We returned home from New York in the dark Sunday night, so I couldn’t see my yard. From the streetlight I could tell that my fruit trees still had leaves, but that was all I knew. Monday morning I started my grocery shopping list, so I took a tour of the back yard to see what food I could gather there. Only the hardy kale volunteered, though some cold-weather lettuces are getting close to ready. The strawberry plants are full and lush, though few berries remain. The zucchini has finished its run, and a single delicata squash provided a feast for a slug because we weren’t here to harvest it first. My first attempt at growing pumpkins was a failure. I make a note to take some soil samples to see if I can learn why. The rest is mostly cover crop, planted to nourish the soil and prevent erosion in the coming winter months.
Our massive fig tree went from a full crop of leaves to nothing in the two weeks we were gone, and the strong autumn maritime winds make it seem to shiver in its nakedness.
I find myself feeling startled. When I left, autumn was teasing us, but now she has taken over. I guess spending 18 days away will do that.
Inside, I shift gears to indoor projects. I have surrounded myself with stacks of manuscripts that need my attention. On the floor to my right is a pile of books about writing and permaculture. My iPad is stacked with novels waiting for me to explore them. In front of me are knitted pieces of a future bedspread, and I’m digging through the house in search of a cutting mat for a quilt kit that has gathered dust for too long. I hand hubby a pile of papers that need to be sorted through and scanned. You know there’s too much clutter when the stack of paper covers up a big chocolate bar!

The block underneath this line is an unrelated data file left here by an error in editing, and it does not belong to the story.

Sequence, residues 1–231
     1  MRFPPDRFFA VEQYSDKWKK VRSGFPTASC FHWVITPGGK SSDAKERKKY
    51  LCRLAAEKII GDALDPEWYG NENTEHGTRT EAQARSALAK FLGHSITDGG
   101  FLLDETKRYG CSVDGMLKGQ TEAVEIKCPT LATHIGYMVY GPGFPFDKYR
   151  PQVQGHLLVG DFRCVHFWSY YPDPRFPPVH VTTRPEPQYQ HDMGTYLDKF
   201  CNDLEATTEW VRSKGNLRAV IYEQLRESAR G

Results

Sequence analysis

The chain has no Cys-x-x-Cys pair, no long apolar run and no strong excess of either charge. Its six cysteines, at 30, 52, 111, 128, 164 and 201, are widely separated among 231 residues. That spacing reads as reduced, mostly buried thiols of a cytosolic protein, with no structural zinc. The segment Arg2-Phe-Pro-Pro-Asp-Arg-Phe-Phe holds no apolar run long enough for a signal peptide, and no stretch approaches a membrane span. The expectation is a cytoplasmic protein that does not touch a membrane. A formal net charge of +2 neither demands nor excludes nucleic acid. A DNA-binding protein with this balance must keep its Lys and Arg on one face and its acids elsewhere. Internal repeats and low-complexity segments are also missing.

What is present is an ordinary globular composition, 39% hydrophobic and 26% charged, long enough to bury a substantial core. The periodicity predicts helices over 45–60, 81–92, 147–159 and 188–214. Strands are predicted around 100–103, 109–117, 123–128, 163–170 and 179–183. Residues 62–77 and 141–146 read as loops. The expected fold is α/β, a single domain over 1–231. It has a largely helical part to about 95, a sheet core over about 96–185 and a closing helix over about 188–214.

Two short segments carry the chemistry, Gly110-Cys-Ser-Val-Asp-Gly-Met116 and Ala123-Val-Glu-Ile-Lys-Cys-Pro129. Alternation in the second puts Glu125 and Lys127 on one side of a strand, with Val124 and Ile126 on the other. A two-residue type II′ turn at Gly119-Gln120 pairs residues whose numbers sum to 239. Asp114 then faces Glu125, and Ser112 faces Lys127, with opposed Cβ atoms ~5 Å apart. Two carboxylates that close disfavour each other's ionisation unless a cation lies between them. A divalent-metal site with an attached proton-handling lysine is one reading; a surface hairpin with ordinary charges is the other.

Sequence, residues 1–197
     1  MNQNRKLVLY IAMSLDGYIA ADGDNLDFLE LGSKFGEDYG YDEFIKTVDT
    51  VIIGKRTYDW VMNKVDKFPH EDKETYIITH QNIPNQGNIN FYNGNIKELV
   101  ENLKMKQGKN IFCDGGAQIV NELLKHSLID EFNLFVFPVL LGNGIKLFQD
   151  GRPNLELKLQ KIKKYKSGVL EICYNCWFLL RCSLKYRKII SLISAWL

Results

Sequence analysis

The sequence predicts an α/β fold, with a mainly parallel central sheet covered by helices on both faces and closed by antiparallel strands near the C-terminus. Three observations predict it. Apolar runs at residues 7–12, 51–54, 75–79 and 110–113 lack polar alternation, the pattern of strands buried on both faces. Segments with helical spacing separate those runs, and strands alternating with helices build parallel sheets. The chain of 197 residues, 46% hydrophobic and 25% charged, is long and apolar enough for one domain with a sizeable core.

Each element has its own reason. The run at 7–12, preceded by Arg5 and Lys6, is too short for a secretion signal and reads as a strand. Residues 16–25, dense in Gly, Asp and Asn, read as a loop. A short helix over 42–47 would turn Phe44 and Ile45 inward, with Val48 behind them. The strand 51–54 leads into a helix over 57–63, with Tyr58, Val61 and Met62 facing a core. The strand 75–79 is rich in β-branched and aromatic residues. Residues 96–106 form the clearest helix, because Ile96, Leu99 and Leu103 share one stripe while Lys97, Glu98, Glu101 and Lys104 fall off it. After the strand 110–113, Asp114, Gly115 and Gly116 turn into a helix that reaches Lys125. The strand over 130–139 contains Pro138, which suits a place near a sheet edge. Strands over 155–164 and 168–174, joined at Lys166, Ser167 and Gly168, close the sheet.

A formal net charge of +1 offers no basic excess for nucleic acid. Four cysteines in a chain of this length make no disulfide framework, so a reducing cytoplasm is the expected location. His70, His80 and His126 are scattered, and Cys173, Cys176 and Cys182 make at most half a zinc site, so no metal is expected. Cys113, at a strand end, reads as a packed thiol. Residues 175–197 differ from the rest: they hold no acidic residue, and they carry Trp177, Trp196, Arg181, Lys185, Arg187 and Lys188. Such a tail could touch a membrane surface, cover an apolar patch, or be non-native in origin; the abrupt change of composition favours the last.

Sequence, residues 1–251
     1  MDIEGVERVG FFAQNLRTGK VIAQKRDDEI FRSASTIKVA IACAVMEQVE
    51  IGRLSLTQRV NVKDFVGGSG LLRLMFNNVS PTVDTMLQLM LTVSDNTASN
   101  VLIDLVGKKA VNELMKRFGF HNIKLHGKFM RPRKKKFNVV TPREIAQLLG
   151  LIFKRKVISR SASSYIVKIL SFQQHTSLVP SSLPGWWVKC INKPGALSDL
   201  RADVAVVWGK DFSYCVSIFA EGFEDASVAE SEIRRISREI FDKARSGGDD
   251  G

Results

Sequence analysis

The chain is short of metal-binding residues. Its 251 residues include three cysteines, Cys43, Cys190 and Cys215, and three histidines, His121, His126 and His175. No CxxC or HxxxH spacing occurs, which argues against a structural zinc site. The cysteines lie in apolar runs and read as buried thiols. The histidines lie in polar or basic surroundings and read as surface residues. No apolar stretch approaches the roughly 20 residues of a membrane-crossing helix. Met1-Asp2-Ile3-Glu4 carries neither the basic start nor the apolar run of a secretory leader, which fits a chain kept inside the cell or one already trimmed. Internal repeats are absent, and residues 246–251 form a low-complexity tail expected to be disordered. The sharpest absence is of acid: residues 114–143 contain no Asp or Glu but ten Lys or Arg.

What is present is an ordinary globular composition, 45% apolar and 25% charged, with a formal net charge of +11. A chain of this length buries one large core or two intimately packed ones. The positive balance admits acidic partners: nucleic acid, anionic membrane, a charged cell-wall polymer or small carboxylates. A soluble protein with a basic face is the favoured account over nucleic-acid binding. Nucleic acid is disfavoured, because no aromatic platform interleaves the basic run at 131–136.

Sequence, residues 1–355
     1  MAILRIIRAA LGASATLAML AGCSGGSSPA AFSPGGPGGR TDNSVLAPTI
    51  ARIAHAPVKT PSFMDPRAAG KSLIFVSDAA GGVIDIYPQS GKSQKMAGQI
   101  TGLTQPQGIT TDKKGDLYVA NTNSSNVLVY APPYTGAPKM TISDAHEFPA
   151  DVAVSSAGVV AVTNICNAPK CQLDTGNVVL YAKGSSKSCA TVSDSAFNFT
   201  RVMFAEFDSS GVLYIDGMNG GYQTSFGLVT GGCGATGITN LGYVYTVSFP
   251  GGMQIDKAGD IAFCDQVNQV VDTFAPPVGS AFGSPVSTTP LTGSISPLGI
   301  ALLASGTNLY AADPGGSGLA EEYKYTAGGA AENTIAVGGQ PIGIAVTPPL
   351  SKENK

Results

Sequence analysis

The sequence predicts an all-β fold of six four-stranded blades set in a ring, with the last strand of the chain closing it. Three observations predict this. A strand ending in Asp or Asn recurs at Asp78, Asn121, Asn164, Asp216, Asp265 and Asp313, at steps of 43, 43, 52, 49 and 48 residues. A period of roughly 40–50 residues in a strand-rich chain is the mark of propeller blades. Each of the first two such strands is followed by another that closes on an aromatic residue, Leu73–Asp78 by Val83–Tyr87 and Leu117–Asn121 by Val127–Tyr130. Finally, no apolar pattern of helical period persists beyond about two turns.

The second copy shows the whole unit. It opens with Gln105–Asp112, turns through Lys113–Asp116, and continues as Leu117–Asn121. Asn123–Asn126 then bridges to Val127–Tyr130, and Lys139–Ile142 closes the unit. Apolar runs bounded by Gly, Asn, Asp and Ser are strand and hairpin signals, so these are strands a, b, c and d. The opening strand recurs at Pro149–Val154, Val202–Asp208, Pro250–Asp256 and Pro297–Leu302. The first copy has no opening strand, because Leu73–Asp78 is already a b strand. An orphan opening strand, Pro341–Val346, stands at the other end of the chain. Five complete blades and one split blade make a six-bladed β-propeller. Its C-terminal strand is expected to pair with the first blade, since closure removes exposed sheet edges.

After 30 years of living in Houston, where the seasons were hot, hotter, and a few days of bitter cold where the leaves just fell off all at once without changing color, I still feel a sense of wonder about being in a place where each season has its distinct flavor. I settle in. I plan my projects. I grab a comforter and a cup of tea.